Regulation and Policy News - In Brief
- Rwanda's High Commissioner to Uganda, Frank Mugambage, has cautioned the regional media against using their profession to mislead the public by creating and publishing or broadcasting conspiracy theories. In an interview with The New Times in Kampala, Mugambage urged the media to be professional when reporting, as a way of promoting transparency to benefit the public.
- Angola’s Mass Media Ministry intends to restructure the programming of public audiovisual companies, aiming to include programmes with more educational and didactic contents. The information was given Friday to ANGOP, in Luanda, by the deputy minister of Mass Media, Manuel Miguel de Carvalho "Wadijimbi", who explained that this move is intended to answer to public interest and also to improve the programming of public media organs.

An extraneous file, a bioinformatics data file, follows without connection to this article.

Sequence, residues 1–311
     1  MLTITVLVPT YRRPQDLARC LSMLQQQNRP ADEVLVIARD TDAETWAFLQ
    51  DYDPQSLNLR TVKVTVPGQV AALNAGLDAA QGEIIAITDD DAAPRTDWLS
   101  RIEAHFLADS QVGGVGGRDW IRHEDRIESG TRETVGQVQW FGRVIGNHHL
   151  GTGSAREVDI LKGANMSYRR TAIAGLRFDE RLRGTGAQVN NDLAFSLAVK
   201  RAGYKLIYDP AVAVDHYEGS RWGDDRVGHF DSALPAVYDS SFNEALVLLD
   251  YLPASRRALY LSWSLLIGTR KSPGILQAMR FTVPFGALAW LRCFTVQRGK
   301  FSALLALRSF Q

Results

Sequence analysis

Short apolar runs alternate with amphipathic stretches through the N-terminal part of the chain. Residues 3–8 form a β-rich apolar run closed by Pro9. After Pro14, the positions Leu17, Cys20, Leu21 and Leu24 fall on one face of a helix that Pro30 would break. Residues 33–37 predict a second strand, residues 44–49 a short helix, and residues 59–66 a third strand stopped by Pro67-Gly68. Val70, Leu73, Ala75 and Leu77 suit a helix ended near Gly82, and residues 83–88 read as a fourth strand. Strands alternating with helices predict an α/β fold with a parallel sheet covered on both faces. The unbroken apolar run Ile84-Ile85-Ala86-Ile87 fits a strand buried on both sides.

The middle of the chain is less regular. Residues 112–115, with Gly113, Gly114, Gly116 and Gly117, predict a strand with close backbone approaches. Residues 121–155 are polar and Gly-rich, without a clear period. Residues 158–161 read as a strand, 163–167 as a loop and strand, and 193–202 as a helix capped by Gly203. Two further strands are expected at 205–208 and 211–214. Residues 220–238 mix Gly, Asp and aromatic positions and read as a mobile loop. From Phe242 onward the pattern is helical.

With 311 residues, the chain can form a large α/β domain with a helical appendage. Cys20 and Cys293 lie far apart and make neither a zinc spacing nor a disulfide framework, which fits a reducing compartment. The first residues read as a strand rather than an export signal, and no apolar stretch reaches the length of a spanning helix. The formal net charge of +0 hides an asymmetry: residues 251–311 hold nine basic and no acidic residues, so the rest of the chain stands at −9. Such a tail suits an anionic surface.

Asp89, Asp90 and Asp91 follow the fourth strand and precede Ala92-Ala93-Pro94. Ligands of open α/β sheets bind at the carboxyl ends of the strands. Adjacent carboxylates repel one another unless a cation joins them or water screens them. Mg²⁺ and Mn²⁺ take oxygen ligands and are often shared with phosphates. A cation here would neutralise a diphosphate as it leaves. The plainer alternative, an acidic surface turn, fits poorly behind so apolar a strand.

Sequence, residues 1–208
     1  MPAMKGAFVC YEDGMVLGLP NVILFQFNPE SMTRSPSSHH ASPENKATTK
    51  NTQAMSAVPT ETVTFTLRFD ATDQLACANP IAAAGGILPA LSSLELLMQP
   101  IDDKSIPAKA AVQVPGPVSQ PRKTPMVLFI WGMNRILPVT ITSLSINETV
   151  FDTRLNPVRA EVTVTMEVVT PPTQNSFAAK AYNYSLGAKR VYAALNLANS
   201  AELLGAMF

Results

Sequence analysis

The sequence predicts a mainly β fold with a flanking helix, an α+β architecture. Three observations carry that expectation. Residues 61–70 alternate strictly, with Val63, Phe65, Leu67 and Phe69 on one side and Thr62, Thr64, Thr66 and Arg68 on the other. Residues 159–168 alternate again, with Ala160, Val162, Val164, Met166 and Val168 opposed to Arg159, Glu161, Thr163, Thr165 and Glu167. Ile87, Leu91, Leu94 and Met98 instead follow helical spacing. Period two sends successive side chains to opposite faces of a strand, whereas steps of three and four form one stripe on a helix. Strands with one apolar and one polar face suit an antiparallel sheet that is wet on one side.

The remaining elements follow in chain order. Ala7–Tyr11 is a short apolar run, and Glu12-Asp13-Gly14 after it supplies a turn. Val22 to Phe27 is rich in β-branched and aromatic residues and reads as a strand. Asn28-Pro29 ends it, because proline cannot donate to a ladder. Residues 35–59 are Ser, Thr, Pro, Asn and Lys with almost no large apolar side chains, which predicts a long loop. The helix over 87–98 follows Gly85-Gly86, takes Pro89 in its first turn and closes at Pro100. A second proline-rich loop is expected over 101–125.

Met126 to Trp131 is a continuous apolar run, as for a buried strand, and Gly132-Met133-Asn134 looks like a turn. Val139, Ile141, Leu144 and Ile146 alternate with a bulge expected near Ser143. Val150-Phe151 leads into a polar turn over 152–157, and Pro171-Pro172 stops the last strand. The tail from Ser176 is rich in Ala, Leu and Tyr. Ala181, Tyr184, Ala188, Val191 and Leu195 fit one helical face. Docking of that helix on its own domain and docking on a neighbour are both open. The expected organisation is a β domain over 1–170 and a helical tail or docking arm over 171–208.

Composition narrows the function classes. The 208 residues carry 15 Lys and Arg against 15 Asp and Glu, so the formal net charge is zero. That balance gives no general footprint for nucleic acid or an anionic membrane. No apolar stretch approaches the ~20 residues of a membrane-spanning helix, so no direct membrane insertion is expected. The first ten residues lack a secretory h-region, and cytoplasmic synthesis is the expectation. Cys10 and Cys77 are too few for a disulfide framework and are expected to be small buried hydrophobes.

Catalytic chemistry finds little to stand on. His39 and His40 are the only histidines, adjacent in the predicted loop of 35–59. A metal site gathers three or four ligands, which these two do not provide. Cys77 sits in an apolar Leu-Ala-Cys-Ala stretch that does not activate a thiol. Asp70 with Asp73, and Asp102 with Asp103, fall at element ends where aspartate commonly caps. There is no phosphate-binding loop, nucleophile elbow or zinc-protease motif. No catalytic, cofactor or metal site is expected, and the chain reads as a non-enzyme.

- In Zimbabwe, Reporters Without Borders calls for the withdrawal of bill which is about to be submitted to parliament and which would allow the authorities to block public access to official documents including judicial decisions, new legislation and public records. Announced on 22 October and called the “General Law Amendment Bill,” the proposed law’s sole aim seems to be to place additional obstacles in the way of access to information and thereby hamper the work of the media even more.
- The Zimbabwe Broadcasting Corporation is demanding US$10 million from The Standard newspaper for a story in which the publication claimed the national broadcaster was collapsing.